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  3. ironjustice

    ironjustice Guest

    Giiiiiit .. like you've been TOLD ..

    Giiiiiit ..

    Useless shteating lmpdck atheist dweeeeeeeeeb btch ..

    Apr 21, 2009
    Iron accumulation within the retina increases with age

    Age-related iron accumulation within the retinal pigment epithelium
    (RPE) may increase oxidative stress and contribute to the development
    of age-related macular degeneration (AMD), according to a newly
    published study.


    Increasing evidence shows oxidative stress and free radical damage in
    the RPE may underlie the pathogenesis of AMD. The RPE generates
    reactive oxygen species through the phagocytosis of photoreceptor
    outer segment (POS), the digestion of phagocytosed POS, and exposure
    to intense light. Retinal pigment epithelial cells in the macular
    area, which has the highest oxygen consumption in the retina, carry
    an
    additional oxidative stress burden. Although many studies suggest
    that
    cumulative oxidative stress contributes to the pathogenesis of AMD,
    the sources of free radicals with age are not completely known.


    Recent studies show iron may contribute to the pathogenesis of AMD as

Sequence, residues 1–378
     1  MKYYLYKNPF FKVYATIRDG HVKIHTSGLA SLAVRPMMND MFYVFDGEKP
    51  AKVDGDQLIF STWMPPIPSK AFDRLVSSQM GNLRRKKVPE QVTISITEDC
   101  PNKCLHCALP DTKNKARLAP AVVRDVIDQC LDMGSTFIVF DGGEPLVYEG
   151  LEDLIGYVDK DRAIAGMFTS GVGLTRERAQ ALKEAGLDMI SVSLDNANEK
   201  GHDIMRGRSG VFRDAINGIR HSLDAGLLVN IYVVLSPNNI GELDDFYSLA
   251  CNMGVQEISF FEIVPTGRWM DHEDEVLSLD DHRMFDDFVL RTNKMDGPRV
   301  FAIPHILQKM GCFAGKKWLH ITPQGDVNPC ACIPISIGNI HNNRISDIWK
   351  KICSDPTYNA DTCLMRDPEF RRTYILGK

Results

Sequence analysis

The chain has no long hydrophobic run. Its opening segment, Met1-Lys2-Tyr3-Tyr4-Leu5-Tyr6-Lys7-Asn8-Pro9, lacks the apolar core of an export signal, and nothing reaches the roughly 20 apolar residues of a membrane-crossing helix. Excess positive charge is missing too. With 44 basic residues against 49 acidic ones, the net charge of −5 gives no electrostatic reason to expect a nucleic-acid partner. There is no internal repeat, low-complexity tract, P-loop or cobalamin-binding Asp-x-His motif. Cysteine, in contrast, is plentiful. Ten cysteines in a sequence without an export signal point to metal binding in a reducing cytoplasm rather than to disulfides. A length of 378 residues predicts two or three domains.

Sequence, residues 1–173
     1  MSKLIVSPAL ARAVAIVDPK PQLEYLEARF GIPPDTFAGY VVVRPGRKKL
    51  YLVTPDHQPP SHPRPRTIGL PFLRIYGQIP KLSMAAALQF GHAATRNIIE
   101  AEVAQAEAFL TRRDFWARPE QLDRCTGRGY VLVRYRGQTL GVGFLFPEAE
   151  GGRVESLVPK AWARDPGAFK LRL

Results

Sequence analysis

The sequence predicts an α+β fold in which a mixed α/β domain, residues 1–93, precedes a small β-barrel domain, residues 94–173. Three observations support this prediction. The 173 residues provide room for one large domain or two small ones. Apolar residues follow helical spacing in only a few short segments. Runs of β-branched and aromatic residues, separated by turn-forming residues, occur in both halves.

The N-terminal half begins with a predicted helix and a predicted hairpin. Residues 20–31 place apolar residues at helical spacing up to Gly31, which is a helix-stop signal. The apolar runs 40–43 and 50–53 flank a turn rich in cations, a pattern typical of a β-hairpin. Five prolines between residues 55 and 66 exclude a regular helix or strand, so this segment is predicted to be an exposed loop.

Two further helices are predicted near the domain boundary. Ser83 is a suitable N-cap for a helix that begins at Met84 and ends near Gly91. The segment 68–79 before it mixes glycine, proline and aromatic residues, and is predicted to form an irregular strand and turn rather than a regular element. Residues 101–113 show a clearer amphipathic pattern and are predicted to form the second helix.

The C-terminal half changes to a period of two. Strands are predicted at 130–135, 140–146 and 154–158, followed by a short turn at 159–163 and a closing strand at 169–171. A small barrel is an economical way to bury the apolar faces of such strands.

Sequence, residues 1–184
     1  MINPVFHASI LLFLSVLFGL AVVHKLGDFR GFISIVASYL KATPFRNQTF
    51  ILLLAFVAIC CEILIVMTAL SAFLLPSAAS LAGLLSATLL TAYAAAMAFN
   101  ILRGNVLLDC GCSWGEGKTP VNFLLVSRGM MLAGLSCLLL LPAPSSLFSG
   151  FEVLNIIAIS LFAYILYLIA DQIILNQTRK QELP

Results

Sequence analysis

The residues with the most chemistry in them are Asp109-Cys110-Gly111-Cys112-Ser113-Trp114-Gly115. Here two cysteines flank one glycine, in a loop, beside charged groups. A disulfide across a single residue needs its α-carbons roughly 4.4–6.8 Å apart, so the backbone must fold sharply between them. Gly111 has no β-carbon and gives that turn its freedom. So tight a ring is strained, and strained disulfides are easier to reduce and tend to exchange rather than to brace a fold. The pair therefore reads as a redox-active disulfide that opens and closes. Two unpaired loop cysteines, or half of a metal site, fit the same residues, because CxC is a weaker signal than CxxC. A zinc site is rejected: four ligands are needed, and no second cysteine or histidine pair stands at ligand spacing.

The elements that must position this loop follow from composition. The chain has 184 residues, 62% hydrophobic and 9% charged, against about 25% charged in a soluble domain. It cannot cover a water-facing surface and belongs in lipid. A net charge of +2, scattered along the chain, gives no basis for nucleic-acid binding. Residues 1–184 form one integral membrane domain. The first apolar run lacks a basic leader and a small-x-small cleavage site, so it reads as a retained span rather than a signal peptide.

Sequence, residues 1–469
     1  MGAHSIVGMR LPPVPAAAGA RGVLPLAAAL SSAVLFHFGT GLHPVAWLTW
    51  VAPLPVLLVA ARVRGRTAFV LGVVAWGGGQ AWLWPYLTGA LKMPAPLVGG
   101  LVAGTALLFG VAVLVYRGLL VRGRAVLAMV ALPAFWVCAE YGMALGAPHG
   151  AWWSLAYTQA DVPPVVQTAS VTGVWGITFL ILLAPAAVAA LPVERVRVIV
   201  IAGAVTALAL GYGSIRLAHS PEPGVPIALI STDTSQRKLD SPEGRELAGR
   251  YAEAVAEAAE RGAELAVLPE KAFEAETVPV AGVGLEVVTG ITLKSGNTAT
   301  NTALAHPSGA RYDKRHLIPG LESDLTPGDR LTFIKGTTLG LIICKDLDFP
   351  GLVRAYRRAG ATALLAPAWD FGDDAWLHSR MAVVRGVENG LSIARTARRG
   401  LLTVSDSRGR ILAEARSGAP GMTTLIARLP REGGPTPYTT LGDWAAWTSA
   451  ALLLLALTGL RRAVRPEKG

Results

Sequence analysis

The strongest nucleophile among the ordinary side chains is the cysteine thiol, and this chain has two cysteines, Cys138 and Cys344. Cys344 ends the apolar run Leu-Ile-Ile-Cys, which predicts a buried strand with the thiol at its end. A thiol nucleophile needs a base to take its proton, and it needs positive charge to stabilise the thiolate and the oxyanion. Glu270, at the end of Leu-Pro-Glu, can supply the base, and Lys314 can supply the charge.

a source of free radicals that damage the tissues. Iron is an
    essential element for many metabolic processes, but excess iron
    generates highly reactive hydroxyl radicals that damage lipid
    membranes and proteins. Changes of iron homeostasis have been
    associated with photoreceptor degeneration. Excess iron has been
    observed in the macular region of the retina, in the RPE, and in the
    drusen of AMD-affected eyes. Several studies show iron levels
    increase
    normally with age in the neural retina. However, there are few
    studies
    on iron levels in the RPE, the effects of aging, the physiological
    effects of excess iron on RPE function, and the way iron homeostasis
    in the RPE changes with age.


    In the current study, young and old rodent RPE/choroid were compared
    to assess iron homeostasis during normal aging and the effects of
    increased iron on the functions of retinal pigment epithelial cells.
    The iron level, mRNA expression, and protein level of iron-regulatory
    molecules in RPE/choroid were quantitatively compared between young
    and old animals. To test the effects of increased intracellular iron
    on the functions of retinal pigment epithelial cells, in vitro
    ARPE-19
    cells were treated with high levels of iron and assessed for
    phagocytosis activity and lysosomal activity.


    Iron level was significantly increased in the aged RPE/choroid.
    Ferritin and ceruloplasmin mRNAs were significantly increased in the
    aged RPE/choroid, whereas transferrin, transferrin receptor, and
    ferroportin mRNAs did not change with age. At the protein level,
    decreased transferrin and transferrin receptor, increased ferritin